What are disruptive behavior disorders?

Disruptive behavior disorders (DBD) make people experience defiant behavior. Children with these disorders may be disobedient. They can also become hostile toward people in their lives. This is especially true towards authority figures. Kids with DBDs may also act out in violent ways. 

Children with DBDs act out on a consistent, regular basis. They may defy rules and show aggression to parents or teachers. They might bully or fight with other kids. There are two common types of DBDs: oppositional defiant disorder and conduct disorder.


Causes of DBDs

Doctors and researchers believe there isn't one single, clear cause of DBDs. It may be that a combination of factors can cause a child to develop a DBD. A child's environment may play a role. They might also be born with physical characteristics that cause them to have a DBD.

Risk factors for DBDs

Doctors still don't know the causes of DBDs. There are risk factors that make some kids more likely to have one of the disorders. These include: 

  • Childhood trauma: A child who's had a traumatic experience may act out. Trauma might include separation from parents, abuse or neglect.
  • Existing psychological condition: Children with conditions like ADHD, depression or anxiety disorders have a higher risk.
  • Physical conditions: Low birth weight and brain injury are known risk factors for DBDs.
  • Heredity: A child with parents who have DBDs is more likely to develop them.

Symptoms of DBDs

Oppositional defiant disorder and conduct disorder share similar symptoms. These include: 

  • Anger
  • Bullying
  • Vindictiveness
  • Loss of temper
  • Argumentative
  • Abusing others
  • Lack of remorse
  • Intimidates people
  • Antisocial behavior
  • Destruction of property
  • Revenge-seeking behavior
  • No regard for others' feelings
  • Aggression toward people or animals

The difference between oppositional defiant disorder and conduct disorder is sometimes confusing. One of the main differences focuses on control. A child with oppositional defiant disorder may fight control of a parent or teacher. A child with conduct disorder might not only fight against control. They may also try to control others. 

Diagnosis of DBDs

If you suspect your child has a DBD, it's important to get help. Your child's pediatrician can refer you to a child psychologist. This professional can evaluate your child's behavior and help diagnose the condition. They may talk with your child and your family members. This helps them understand your child's behavior pattern. You may need to provide information about your child's medial history, school life and social interactions.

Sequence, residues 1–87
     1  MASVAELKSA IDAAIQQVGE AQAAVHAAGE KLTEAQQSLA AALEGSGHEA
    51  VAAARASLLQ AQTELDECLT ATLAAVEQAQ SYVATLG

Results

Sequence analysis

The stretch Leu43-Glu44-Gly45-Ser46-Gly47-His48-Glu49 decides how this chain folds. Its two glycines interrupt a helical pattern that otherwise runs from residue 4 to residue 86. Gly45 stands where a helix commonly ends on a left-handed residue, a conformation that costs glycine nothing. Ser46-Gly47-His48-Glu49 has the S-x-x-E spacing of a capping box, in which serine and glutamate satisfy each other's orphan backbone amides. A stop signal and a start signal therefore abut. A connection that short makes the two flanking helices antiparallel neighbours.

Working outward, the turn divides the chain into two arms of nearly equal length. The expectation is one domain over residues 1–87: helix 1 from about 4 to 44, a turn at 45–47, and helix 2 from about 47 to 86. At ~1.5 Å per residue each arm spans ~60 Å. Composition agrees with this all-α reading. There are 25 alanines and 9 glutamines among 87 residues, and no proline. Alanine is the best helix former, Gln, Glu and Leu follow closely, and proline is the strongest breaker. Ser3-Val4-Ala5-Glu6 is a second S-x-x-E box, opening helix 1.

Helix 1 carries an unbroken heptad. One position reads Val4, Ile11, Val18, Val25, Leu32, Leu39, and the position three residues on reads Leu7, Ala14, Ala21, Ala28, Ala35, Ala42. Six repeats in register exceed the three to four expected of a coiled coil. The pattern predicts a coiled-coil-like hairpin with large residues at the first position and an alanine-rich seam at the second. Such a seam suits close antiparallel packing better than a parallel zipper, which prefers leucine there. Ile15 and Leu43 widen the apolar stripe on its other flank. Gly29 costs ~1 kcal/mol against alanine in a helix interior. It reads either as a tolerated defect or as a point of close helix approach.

Treatments for DBDs

Treatment may include both therapy and medication. While there isn't a specific medication for DBDs, there are several that can treat some of the symptoms associated with the conditions. Medication can also treat conditions like ADHD. Children with DBDs often have other coexisting conditions. Your child won't only take medication, though. They might not need it at all. Treatment typically focuses on therapy. 

Therapists can create a tailored program for your child. This might include both individual sessions and parent sessions. In fact, the most effective therapy for DBDs includes parent behavior therapy.

During parent behavior therapy, you learn about the condition. You also find out how to identify things that might trigger your child's defiant behavior. The therapist can teach you various tools that help your family manage the condition and its symptoms. Therapy for children includes learning social-emotional skills. These can help them get along with others, make good decisions and cope with aggression. 

Recovery from DBDs

There aren't cures for DBDs, but your child can learn to manage their behavior. The earlier you start treatments, the better they work. If you ignore DBDs, the behavior issues might get worse. Children with DBDs can develop personality disorders. This is why it's important to seek treatment as soon as you can. 

The diagnosis and treatment of a DBD may affect and involve your entire family. There are support groups for parents and families of children with DBDs. Attending one might also help you learn more during the treatment process.